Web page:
My Turn: How an obscure trade law could kill 50,000 solar jobs

Friday, 06 October 2017, 06:34:51 AM. Chinese-owned Suniva is using an obscure trade law to ask the government to involve itself in the solar industry - at the expense of American jobs.

My Turn: A Chinese-owned company is asking our government to involve itself in the solar industry - at the expense of American jobs.

Arizona is leading one of America’s fastest growing industries, a technology-based sector growing 17 times faster than the rest of the economy that added 51,000 jobs last year and is expected to triple over the next five years. All of this while helping lower energy costs for consumers.

To say the future is bright for solar energy is an understatement — but the federal government may be headed in a direction that would help investors from China, Germany and Qatar who own failed U.S. companies at the expense of tens of thousands of American workers.

All this would be unbelievable if it wasn’t true. Washington could end up stalling an economic engine and costing workers in Arizona and every other state their jobs.

Trade penalty could double solar's cost

Chinese-owned Suniva used an obscure trade law to ask the government to get directly involved in the U.S. solar market because it says imported parts — especially from Chinese firms — caused its American plants to go bankrupt. Its only backer from industry is a German firm called SolarWorld that is 49 percent owned by a Qatari government-controlled hedge fund.

The last time this trade law was used and the government intervened in the private sector back in the early 2000s, more than 200,000 Americans working in steel and related industries lost their jobs.

That’s why a coalition of strange bedfellows — conservative groups, free-trade advocates, major retail companies, small businesses, utilities, unions and venture capital groups — and more than 80 members of Congress from both parties have sided with a united solar industry represented by the Solar Energy Industries Association in opposition to this petition.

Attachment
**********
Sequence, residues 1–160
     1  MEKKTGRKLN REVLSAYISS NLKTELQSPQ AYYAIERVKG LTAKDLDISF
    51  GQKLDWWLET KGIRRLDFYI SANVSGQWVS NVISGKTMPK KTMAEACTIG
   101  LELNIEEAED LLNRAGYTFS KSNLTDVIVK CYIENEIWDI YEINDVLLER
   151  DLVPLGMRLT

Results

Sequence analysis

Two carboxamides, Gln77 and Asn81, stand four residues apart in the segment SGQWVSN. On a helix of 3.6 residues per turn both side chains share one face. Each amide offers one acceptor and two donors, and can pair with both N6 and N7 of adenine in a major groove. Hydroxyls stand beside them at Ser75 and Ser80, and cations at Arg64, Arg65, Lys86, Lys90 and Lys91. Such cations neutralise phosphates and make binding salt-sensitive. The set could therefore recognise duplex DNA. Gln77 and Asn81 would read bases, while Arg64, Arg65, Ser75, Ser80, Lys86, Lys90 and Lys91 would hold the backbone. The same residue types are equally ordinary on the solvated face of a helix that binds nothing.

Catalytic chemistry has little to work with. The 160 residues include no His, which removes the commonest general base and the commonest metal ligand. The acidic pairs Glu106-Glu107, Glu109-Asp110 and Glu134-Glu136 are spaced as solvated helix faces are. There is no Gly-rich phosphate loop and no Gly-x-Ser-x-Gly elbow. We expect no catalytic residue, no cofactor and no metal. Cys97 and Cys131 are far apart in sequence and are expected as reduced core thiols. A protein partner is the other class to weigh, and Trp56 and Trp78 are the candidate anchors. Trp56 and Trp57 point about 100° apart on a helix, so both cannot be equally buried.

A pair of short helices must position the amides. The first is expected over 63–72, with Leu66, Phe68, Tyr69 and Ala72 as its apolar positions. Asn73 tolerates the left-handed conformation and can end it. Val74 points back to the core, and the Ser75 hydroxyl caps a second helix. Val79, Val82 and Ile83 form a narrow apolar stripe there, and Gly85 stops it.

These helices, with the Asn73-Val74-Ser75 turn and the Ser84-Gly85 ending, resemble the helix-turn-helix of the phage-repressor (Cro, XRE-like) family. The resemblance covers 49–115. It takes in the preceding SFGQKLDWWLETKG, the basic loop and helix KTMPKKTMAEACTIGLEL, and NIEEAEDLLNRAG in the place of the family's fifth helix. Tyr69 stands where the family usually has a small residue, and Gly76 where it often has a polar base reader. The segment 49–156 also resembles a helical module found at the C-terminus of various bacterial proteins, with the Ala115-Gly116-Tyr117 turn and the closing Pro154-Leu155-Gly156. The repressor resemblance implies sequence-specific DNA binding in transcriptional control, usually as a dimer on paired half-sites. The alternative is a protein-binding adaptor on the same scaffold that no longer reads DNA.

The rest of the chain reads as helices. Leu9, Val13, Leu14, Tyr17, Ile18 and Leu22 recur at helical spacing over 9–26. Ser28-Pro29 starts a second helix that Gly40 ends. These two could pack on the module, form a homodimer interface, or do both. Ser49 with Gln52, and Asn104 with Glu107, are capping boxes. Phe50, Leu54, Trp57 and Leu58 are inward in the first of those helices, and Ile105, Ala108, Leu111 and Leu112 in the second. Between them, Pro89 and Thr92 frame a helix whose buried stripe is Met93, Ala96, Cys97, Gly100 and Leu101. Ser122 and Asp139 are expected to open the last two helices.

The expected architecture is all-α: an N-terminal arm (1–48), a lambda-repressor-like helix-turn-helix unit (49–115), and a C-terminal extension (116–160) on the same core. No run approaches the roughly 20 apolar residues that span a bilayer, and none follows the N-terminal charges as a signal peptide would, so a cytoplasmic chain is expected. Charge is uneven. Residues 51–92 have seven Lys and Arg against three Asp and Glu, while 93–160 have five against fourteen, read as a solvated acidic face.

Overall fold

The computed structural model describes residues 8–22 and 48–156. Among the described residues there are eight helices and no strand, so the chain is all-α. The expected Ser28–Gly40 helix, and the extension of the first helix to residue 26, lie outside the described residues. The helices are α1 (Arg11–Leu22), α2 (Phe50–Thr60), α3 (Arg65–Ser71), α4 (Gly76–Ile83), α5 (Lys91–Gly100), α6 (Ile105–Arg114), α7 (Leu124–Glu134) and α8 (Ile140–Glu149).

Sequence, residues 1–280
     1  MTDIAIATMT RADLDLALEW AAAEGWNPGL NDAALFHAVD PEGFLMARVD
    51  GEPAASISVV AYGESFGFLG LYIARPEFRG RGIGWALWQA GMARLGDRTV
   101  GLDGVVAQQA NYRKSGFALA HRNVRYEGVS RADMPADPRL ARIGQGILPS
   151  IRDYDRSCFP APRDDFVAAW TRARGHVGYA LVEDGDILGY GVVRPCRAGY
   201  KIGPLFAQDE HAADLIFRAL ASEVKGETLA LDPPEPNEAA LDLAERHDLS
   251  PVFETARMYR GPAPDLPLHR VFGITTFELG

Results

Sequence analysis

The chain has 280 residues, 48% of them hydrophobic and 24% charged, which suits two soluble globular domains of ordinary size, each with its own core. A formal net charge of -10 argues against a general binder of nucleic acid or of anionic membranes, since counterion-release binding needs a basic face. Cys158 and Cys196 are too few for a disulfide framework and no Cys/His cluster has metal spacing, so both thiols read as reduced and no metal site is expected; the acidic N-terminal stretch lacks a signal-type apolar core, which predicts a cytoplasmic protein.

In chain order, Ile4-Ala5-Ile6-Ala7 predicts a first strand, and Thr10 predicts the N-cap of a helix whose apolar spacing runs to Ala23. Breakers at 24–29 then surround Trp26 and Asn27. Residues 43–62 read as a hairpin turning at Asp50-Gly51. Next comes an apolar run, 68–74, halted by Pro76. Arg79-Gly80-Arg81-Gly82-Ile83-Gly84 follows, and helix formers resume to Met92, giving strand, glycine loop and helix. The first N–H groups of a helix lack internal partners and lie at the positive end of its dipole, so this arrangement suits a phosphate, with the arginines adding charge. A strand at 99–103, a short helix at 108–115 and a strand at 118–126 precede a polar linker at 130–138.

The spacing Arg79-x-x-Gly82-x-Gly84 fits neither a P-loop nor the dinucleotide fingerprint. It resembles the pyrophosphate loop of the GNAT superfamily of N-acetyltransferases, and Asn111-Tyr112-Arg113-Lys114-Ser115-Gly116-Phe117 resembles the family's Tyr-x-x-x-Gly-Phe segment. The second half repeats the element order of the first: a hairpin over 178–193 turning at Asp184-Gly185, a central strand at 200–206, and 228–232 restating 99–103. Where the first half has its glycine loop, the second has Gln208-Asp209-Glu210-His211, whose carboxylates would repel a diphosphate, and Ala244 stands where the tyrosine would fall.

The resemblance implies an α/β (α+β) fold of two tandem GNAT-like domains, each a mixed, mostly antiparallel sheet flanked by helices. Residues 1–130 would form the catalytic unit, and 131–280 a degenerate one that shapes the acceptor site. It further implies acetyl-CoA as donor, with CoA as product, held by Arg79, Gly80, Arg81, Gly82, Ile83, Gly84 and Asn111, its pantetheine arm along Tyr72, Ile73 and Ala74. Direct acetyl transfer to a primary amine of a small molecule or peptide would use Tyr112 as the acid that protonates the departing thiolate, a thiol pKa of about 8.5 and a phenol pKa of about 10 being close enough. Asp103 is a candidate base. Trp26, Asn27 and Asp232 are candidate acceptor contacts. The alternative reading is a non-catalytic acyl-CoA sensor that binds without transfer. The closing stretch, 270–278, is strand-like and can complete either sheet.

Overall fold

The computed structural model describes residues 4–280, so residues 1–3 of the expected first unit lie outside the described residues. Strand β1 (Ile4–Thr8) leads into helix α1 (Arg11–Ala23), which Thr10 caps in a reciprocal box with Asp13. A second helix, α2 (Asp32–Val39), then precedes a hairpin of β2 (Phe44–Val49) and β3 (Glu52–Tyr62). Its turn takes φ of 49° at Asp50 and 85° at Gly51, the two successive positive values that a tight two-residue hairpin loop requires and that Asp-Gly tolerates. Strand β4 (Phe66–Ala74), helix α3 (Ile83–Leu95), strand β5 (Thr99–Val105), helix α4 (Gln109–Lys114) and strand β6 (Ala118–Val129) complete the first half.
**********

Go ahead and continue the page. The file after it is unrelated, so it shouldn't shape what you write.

Analysts at Bloomberg and IHS Markit say the trade penalties will double the cost of solar. Basic economics tells us if you increase the cost, demand will fall — and that will hurt virtually everyone across the solar industry. That’s 260,000 American workers and their families.

Arizona impact: 2,000-plus jobs lost

The case has huge consequences. Today, solar is one of the least expensive energy sources in America and was the largest source of new electricity capacity last year. The solar industry created one out of every 50 jobs in America last year.

Using the conservative number, nearly 50,000 solar workers will lose their jobs just next year if the ITC agrees to the tariff proposed by Suniva and SolarWorld.

For Arizona, the case means a lot. Arizona is the third-largest solar state. It grew 31 percent last year. The state has all the elements in place to continue rapid growth for many years. But with tariffs, instead of doubling over the next five years as expected, Arizona’s solar industry will shrink and more than 2,000 jobs will evaporate in months.

Free and fair trade supports the U.S. solar industry’s dramatic growth. Continuing on without government interference will lead to a tripling of U.S. solar capacity by 2022 and bring employment in solar to more than 300,000 workers.

The ITC will make its recommendation to President Trump next month. He can accept or reject the commission’s recommendation, or come up with his own measure.

The very traits that President Trump honors in American industry are the pillars of the American solar industry: massive job creation, including in American manufacturing, innovation that builds competition, affordable energy for every day Americans and economic growth. It would make no sense to derail the industry with tariffs that help two foreign-owned companies at the expense of tens of thousands of Americans.

We hope for workers across America that the ITC and the president do what's best for our economy and our future: allow the market to work and solar to continue to be the great American success story that it is.

Abigail Ross Hopper is president and CEO of the Solar Energy Industries Association, which represents more than 1,000 solar installers, project developers, manufacturers, contractors and financiers. Email her at ahopper@seia.org; on Twitter, @SEIA, @HopperAbby.

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Article My Turn: How an obscure trade law could kill 50,000 solar jobs compiled by www.azcentral.com